The English Shepherd is a medium-sized working dog popularly known as the “shadow shepherd” because of its love to follow the owner everywhere and at all times.
In this article, we will talk about the English Shepherd breed and explain everything you need to know – from history and physical traits to personality and health issues.
History of the English Shepherd Dog Breed
Origins of the Breed
The English Shepherd breed has roots that extend back centuries. The dog is thought to be descended from various collies and shepherd-type dogs that the Romans brought with them to England.
These dogs interbred with local British herding dogs, eventually creating a distinctive breed with a unique set of characteristics. The English Shepherd was originally bred to work on farms and assist with herding livestock.
They were highly valued for their intelligence, loyalty, and strong work ethic. These traits made them an essential part of farm life, and they were often seen working alongside their owners in the fields.
Development in England
During the 18th and 19th centuries, selective breeding allowed the English Shepherds to become even more specialized and were bred to exhibit certain traits, such as loyalty, a strong work ethic, and an affinity for herding.
These traits made them an essential part of farm life in rural England. English Shepherds were also used for hunting, as they were skilled at tracking and retrieving games.
The English Shepherd was recognized by the United Kennel Club (UKC) in 1927. Interestingly, the UKC register the breed under a different name (American Farm Shepherd) but changed it to English Shepherd in 2003.
Today, the English Shepherd continues to be used as a working dog, but it has also found a place in many American households as a beloved pet. They are known for their loyalty, intelligence, and affectionate nature and make wonderful family pets.
Size and Weight
The English Shepherd is a medium-sized dog, with males being larger than females. Male breed members weigh 45 to 65 pounds and stand 19 to 23 inches tall. Females weigh 40 to 50 pounds and stand 18 to 22 inches tall at the withers.
The English Shepherd has a sturdy frame and muscular build that make it well-suited for a variety of tasks, including herding, obedience, and agility competitions.
Coat and Colors
The English Shepherd has a thick, medium-length double coat that can be either straight or wavy. This coat provides excellent insulation, making them well-suited for colder climates.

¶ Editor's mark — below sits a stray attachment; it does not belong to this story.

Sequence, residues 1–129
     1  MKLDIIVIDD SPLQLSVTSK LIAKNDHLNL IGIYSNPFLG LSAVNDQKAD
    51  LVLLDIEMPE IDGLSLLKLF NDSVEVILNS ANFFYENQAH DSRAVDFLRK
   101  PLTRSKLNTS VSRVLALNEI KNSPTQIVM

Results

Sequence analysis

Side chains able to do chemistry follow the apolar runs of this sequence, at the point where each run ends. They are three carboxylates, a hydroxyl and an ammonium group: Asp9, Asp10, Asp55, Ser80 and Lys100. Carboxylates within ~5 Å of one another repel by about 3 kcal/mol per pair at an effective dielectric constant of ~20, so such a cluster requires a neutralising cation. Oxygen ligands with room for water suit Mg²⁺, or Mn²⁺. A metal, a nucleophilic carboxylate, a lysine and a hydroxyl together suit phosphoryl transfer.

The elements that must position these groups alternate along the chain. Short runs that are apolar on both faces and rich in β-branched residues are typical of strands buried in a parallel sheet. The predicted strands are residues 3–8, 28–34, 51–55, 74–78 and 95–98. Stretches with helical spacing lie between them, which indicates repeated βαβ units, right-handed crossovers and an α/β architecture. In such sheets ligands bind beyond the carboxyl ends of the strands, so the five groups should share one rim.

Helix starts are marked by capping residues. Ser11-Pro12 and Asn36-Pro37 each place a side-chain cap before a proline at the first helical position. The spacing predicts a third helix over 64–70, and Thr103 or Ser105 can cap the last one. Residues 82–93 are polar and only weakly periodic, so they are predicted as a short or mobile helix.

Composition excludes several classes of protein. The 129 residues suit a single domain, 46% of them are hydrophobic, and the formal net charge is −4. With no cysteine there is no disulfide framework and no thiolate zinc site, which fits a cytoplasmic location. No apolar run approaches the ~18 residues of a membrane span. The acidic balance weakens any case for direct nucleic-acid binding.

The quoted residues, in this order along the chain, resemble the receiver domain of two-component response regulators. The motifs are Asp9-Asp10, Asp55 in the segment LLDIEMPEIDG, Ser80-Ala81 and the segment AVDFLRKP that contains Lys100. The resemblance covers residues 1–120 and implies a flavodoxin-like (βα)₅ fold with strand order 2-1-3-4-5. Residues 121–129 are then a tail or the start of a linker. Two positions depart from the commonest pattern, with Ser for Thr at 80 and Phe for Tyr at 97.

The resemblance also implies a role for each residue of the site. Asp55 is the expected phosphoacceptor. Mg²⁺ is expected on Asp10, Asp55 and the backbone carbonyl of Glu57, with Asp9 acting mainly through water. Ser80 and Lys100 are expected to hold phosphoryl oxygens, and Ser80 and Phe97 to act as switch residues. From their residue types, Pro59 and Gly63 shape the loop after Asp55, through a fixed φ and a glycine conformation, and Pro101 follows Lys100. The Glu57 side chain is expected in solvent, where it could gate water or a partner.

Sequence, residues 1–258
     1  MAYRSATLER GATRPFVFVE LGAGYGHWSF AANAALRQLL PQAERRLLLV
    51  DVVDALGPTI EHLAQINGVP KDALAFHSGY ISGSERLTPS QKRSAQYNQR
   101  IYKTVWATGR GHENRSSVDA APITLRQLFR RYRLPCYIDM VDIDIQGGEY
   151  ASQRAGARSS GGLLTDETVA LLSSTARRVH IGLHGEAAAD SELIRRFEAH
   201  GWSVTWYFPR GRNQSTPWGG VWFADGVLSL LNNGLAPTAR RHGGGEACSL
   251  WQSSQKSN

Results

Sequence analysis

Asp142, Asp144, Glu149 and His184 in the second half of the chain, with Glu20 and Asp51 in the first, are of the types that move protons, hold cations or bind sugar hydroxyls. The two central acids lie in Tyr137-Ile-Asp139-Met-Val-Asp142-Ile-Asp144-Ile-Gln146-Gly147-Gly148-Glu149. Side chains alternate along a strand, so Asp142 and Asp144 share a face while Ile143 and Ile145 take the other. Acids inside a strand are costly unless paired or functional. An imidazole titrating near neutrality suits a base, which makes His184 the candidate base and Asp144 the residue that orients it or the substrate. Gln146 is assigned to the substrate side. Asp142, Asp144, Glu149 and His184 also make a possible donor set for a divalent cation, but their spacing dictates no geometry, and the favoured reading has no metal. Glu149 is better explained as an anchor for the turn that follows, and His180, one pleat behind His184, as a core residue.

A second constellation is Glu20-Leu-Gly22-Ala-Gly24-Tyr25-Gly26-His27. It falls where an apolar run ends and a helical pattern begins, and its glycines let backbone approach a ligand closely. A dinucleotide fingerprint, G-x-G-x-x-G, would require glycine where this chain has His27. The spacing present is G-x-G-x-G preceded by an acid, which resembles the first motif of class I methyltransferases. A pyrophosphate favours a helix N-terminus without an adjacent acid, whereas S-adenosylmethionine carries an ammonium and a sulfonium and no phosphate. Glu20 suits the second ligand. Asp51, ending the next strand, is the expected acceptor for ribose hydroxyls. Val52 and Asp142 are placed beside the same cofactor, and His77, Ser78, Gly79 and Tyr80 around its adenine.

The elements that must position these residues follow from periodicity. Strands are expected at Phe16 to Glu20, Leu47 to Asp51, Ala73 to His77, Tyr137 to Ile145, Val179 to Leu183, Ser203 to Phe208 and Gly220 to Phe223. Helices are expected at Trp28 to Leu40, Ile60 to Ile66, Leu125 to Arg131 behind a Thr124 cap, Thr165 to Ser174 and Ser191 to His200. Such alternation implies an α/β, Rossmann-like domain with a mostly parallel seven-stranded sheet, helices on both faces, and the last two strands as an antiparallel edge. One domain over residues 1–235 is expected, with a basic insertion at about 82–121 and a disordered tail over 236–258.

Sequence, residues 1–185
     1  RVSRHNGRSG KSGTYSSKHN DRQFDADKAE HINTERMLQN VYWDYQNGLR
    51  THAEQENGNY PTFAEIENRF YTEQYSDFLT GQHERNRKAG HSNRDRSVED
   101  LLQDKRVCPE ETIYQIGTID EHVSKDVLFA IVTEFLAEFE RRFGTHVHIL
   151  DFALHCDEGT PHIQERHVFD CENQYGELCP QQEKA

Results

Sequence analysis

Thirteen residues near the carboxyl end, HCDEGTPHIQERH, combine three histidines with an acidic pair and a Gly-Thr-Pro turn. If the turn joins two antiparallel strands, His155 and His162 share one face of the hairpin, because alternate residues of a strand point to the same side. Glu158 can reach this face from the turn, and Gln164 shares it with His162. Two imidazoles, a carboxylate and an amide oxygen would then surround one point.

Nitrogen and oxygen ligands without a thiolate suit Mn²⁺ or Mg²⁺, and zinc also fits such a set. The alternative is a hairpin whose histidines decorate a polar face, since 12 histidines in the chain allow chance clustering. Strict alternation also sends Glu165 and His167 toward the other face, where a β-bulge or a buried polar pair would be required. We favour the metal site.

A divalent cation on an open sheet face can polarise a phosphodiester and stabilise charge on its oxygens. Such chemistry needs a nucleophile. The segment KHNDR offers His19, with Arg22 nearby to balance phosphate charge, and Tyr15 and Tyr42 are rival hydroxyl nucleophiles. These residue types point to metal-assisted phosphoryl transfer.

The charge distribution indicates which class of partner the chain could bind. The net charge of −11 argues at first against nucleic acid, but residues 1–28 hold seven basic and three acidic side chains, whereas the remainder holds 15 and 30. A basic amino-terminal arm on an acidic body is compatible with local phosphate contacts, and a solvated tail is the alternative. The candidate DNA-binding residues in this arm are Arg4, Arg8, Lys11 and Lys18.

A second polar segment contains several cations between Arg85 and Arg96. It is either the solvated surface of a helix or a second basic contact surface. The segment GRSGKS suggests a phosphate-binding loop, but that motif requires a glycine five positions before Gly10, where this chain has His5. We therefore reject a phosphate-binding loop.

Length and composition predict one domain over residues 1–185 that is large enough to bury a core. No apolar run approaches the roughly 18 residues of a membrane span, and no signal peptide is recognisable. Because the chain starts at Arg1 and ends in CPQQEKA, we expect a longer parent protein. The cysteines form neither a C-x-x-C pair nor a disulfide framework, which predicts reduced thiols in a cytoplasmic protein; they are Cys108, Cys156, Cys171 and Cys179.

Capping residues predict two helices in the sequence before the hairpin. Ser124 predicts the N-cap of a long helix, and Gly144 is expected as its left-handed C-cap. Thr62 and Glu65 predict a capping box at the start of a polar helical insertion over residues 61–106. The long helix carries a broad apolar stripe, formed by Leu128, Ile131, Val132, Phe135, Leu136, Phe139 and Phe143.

The coat can be any color, although the most common color combinations are black & white, black & tan, sable & white, tan & white, and tricolor (black, white & tan).
The English Shepherd has an alert, intelligent facial expression that is a hallmark of the breed. Their exceptional problem-solving skills make them highly trainable, and they excel in a variety of activities, including herding, obedience, and agility competitions.
Temperament and Personality
The English Shepherd is highly intelligent and adaptable. It is also protective and has a strong sense of loyalty towards its owners. Breed members are known for their alertness, often warning their owners of any potential danger.
English Shepherds have a friendly and outgoing personality. They are loyal, affectionate, and they thrive on human companionship. They are also highly adaptable and can adjust to different living environments.
One of the unique characteristics of English Shepherds is their protective nature. They are watchful and alert. Members of the breed will bark to alert their owners of any potential danger, and they will not hesitate to protect their family members if necessary.
Intelligence and Trainability
English Shepherds are highly intelligent dogs and have a strong desire to please. This makes them highly trainable, though they can be strong-willed at times.
Early socialization and obedience training are vital to ensure they develop good habits from an early age. English Shepherds are known for their problem-solving abilities and can quickly learn new commands and tricks.
Socialization and Interaction with Other Animals
As with any breed, English Shepherds require early socialization. They generally get along well with other pets, though they may be more inclined to chase smaller animals, such as squirrels or rabbits.
English Shepherds are also excellent with children, making them an ideal family companion. They are patient and gentle with kids of all ages, and they will often form strong bonds with their human family members.
Health and Lifespan
Common Health Issues
English Shepherds are generally healthy, but, like all breeds, they are predisposed to certain health issues, such as:
- Orthopedic Problems: The breed is prone to orthopedic conditions, including luxating patella, hip dysplasia, and elbow dysplasia
- Collie Eye Anomaly: An inherited eye condition in which the retina’s blood vessels fail to develop properly, resulting in vision loss
Preventive Care and Regular Checkups
Proper preventive care is vital to keep English Shepherds healthy throughout their lives. This includes regular check-ups with a veterinarian, a healthy diet, and exercise. They also require regular grooming to keep their coat in good condition.
English Shepherds typically live between 12 and 15 years, provided they receive proper care and attention throughout their lives.
English Shepherds are an excellent breed for families seeking an intelligent, loyal, and versatile dog. They are affectionate, playful, fun-loving, loyal, and extremely protective.
By understanding the breed’s history, temperament, and health, you can ensure that you are equipped to provide your pet with the best possible care and attention throughout their lives.